|Photos by Justin Weber|
He asked the crowd to bear with him and quickly his band – Peter Sagar (Guitar), Pierce McGarry (Bass) and Joe McMurray (Drums) – launched into a series of gags that ended with McGarry singing his “Medieval Tale.”
The crowd laughed, DeMarco smiled, finished tuning and what could have been speed bump turned into a launching ramp.
DeMarco’s shows are filled with moments like these. The band’s quick wits and familiarity with each other can turn any moment into an outtake. They were fueled by the adoring crowd - many mimicking the 90s snapback hat and old button up look of DeMarco and his band mates - which led DeMarco to thank them.
“I thought I was going to pass out on the road, but now I feel like I’ve done a mountain of cocaine,” he said which prompted the band to riff on Eric Clapton’s “Cocaine” for a few minutes. Twisted versions of classic rock tunes including Clapton, Neil Young and “Taking Care of Business” were common during the night.
Their humor isn’t always clever – it’s as referential and crude as you would expect from 23 year olds raised in the 90s – but its never exclusive. The band isn’t just having fun with themselves. DeMarco wants everybody having fun.
DeMarco has a deep respect for his audience and it comes out in displays of kindness. It’s as simple as announcing song names before the band plays, but it’s much more than that. When the people in the front row – so close they were behind the PA – kept asking for more volume on the vocals, DeMarco turned his monitor to face them. When a particularly needy fan kept touching DeMarco, untying his shoes and repeating her requests over and over, DeMarco handled it with grace asking her name and announcing her request to the crowd (“Me and Jon Hanging On”) before playing it.
It’s easy to fall for DeMarco watching him live. He’s got a mischievous, charming grin that on anybody else might signal irony or something held back, but there’s no pretense to the happiness and gratitude he expresses.
Friday night, he closed his set as he normally does with the sweet and fitting “Still Together.” During the final chorus, he put his girlfriend on his shoulders and sang with a smile, a sign that he’s just a kid having the best time of his life.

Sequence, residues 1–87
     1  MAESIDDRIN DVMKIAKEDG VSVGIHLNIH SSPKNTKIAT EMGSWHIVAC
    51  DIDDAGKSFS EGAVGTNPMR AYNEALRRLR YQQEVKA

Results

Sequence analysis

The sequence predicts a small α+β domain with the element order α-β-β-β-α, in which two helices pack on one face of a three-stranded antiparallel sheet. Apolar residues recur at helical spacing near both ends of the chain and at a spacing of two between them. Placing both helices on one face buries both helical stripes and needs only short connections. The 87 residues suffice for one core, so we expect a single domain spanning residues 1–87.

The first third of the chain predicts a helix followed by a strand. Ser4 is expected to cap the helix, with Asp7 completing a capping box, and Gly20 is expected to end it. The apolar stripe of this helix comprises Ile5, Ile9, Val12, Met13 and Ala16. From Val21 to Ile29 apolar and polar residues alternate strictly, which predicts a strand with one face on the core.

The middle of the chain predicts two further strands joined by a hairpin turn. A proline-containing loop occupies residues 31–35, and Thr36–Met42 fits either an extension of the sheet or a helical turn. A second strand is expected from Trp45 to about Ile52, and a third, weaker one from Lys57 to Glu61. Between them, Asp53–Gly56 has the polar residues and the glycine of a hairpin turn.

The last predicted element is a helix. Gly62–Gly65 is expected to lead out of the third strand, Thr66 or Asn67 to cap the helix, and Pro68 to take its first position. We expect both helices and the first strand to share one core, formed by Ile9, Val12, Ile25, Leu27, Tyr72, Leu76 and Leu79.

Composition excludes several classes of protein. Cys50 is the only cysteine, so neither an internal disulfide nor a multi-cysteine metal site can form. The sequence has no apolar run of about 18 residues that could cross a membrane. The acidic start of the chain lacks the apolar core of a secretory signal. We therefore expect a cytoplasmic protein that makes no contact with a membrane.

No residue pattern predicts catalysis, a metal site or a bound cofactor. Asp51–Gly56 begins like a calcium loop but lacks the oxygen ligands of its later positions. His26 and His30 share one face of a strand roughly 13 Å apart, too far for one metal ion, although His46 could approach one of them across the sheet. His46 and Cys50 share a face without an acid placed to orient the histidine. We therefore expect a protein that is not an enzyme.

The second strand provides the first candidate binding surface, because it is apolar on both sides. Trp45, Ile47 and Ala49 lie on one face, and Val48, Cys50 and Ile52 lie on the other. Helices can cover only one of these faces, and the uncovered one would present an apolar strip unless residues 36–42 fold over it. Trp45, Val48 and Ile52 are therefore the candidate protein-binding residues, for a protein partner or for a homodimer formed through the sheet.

Opening for DeMarco were local favorites Lonnie Walker and Gross Ghost.
Gross Ghost’s are always impressively powerful live. “Meltdown” and “You Tell Me” come across particularly well, but the band played three new songs – “Seeds,” “Tryin’” and “Memory Screen” – that feel made for the stage. “Tryin’” allowed the band some freedom at the end to dig in for an extended jam. It will be interesting to hear how they translate on the band’s new album in September as Gross Ghost live and on record have been different experiences to this point.
Lonnie Walker mixed up old and new songs as well. “Grape Juice” from 2009’s These Times Old Times excited the crowd and inspired an early set sing-a-long, but the highlight of the set was a new song – called “Cum Inside” according to the written set list – that had fantastic peaks and valleys. During the quiet stretches, haunting slide guitar provided a mesmerizing setting for lead singer Brian Corum’s lyrics. They finished with “Teenage Poem” a raucous, rambling tune ideal for setting up Mac DeMarco.
Ghost Ghost set list
You Tell Me
Lonnie Walker set list
All Bombs Away
Heart Breaking Ball
Mac DeMarco set list
Cookin’ Up Something Good
The Stars Keep On Calling My Name
Rock and Roll Night Club
Ode To Viceroy
Cocaine (Eric Clapton)
Freaking Out The Neighborhood
Tears in Heaven (Eric Clapton)
Baby’s Wearing Blue Jeans
I’m A Man
My Kind of Woman (Introduced as “Jeremy” by Pearl Jam)
Me and Jon Hanging On
She’s Really All I Need
Takin’ Care of Business (Bachman-Turner Overdrive) into classic rock medley
Unknown Legend (Neil Young)